State officials ignored a petition signed by the majority of 14,000 RSK MiG employees asking for Nikitin to be reinstated as leader of their company. This prompted a group of parliamentarians to demand the dismissal of Rosaviacosmos general director Yuri Loptev for “acts aimed at destabilizing RSK MiG.” Koptev was targeted following his election, at the end of October, as chairman of the board of directors at Sukhoi, an appointment that fueled rumors he had a personal interest in ditching the Tu-334 in favor of the RRJ and further weakening MiG management with a view toward MiG’s possible absorption by Sukhoi.

Another parliamentarian group filed a law proposal, “National priority regime for Tu-334 air vehicle.” Currently being evaluated by various government agencies, the law will be sent to parliament for hearings early this year. It calls for a temporary exemption from value added tax and property tax for RSK MiG (the taxes would be restored after assembly of 100 aircraft) and favorable customs treatment for imported parts such as Ukrainian-made ZMKB Progress/Motor-Sich D436T1 engines and airframe components. The Tu-334 production run is expected to amount to 250 airplanes, from which the state would receive $3 billion in various taxes; the state would be deprived of $890 million by the proposed temporary tax exemption. So far, RSK MiG and Tupolev have received letters of intent for 170 airplanes, provided the list price for a Tu-334-100 is reduced to $13 million from $18 million.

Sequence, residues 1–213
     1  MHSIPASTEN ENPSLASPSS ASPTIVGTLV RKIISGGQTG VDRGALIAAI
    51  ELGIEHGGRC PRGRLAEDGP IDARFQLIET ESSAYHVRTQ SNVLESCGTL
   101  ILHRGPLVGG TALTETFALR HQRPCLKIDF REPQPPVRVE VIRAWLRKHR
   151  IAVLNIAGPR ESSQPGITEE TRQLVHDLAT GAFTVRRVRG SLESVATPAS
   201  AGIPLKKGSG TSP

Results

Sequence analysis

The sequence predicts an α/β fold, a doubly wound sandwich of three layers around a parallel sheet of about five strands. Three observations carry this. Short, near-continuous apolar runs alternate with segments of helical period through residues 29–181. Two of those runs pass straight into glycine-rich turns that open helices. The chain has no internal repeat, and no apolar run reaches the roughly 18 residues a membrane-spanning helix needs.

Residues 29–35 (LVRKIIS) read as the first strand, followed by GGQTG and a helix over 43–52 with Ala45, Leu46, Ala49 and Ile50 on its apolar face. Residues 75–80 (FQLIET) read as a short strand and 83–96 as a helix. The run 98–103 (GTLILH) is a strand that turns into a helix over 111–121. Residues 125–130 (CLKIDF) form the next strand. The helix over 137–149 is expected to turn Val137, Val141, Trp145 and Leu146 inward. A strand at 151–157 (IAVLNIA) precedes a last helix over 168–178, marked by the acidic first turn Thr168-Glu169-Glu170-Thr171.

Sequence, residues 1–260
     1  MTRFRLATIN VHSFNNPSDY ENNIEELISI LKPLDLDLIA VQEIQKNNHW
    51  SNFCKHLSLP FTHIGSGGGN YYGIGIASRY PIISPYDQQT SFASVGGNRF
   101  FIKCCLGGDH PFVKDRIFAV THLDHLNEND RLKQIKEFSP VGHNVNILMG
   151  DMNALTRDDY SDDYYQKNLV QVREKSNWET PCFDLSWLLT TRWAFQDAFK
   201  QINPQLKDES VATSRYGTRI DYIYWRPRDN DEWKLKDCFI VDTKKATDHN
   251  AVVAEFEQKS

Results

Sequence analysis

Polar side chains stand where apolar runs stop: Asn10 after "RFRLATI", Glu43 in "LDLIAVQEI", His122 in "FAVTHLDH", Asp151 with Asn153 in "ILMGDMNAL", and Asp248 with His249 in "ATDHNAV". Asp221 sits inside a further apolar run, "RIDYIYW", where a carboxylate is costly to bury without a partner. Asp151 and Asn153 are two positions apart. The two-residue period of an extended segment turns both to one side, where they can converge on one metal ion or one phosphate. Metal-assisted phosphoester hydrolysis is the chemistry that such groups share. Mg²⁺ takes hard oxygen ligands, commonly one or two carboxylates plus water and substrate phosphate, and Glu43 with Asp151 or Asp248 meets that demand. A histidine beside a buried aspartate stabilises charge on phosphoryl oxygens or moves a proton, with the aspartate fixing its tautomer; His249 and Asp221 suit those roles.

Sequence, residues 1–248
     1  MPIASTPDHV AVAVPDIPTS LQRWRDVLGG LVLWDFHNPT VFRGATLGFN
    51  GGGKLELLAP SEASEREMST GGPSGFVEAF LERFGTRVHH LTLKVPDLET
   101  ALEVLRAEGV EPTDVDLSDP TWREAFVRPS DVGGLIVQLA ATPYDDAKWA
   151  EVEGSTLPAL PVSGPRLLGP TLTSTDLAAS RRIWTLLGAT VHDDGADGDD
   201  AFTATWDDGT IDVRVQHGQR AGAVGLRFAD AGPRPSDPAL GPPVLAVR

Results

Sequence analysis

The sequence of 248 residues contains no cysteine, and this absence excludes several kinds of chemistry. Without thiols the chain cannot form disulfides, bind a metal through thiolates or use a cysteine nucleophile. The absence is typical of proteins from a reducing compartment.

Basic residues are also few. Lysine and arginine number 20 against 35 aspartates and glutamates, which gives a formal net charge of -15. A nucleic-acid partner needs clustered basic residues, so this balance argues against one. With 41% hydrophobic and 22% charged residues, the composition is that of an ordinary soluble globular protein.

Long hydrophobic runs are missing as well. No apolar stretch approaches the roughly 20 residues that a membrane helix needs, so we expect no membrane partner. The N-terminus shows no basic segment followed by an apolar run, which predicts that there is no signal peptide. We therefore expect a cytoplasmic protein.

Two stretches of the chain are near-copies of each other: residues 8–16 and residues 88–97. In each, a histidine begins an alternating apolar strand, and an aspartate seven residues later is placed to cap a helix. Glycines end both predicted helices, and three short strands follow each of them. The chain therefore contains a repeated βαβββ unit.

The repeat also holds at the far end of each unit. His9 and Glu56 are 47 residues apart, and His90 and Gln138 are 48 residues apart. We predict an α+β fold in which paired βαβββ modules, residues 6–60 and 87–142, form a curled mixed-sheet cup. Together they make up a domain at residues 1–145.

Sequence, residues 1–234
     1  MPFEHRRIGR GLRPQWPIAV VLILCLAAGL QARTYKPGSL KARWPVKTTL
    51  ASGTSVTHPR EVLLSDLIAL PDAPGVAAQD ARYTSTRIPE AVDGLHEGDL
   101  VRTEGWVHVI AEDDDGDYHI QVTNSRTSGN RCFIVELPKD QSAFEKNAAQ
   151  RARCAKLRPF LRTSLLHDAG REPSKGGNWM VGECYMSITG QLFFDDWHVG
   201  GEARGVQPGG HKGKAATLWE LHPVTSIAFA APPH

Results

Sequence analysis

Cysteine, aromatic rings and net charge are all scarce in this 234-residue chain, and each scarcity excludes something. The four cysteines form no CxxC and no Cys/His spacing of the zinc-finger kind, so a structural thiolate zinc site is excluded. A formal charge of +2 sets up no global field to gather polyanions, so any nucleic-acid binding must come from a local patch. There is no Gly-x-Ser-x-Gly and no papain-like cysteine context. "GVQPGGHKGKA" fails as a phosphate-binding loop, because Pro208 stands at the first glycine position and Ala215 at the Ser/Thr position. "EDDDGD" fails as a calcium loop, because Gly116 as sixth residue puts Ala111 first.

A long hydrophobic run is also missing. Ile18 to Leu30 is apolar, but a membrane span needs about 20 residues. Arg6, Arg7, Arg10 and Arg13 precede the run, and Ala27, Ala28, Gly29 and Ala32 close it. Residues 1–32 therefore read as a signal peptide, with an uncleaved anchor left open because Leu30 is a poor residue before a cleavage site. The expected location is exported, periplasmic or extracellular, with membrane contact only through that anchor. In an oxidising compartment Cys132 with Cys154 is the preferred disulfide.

The proposed law is based on Nikitin’s pleas to the government last summer. He was trying to establish “National Project 334” (NP334), a company to organize nationwide support for the Tu-334 project and lobby for the project in Parliament. NP334 leaders warn that Nikitin’s dismissal “might be a considerable blow to the project.” They say Nikitin, as initiator of RSK MiG’s involvement in the Tu-334 project, is its strongest supporter. Under his command, RSK MiG invested $47 million in the project, in addition to state funding. The funds were used to build an all-new facility for Tu-334 and MiG-29 final assembly.

Launched in 1986, the 102-seat Tu-334 project was conceived to provide a replacement for the aging 76-seat Tu-134 twinjet. The new aircraft was to have been produced at the Aviant plant in Kiev, and by Tavia in Taganrog. In 2001, however, the Russian government handed leadership of the project to RSK MiG. Governmental order 1529r, dated Oct. 31, 2002, set milestones for the project, including completion of a third flying example at RSK MiG’s Voronin production center, which includes the “Znamya Truda” (Banner of Labor) plant in Moscow and Lapik in Lukhovitsy. This airframe was to make its first flight last summer. However, cash shortages at RSK MiG delayed its completion until September. The airplane is intended to serve as a conforming prototype. The first prototype, built by Tupolev’s experimental plant, has been flying since 1999. The second Tu-334, assembled by Aviant, finally rolled out last August and was flown to the Zhukovsky test center near Moscow for flight testing in late November.

Atlant-Soyuz and Aerofraht have placed firm orders for 10 Tu-334-100s in standard configuration, offering 102 seats and 1,700-nm range at a cruise speed of 440 knots, at $12.9 million apiece. First delivery, to Atlant-Soyuz, is scheduled for next year. Contractually, RSK MiG has to create a Tu-334 support system similar to that which the company established for its MiG-29 fighters operated in Europe. “This was one of our main conditions,” said Atlant-Soyuz chairman Valery Menitsky. “We demanded our Tu-334 be supported to the very same standards as Luftwaffe MiGs. Only then can a new Russian-built airliner be economic to operate.”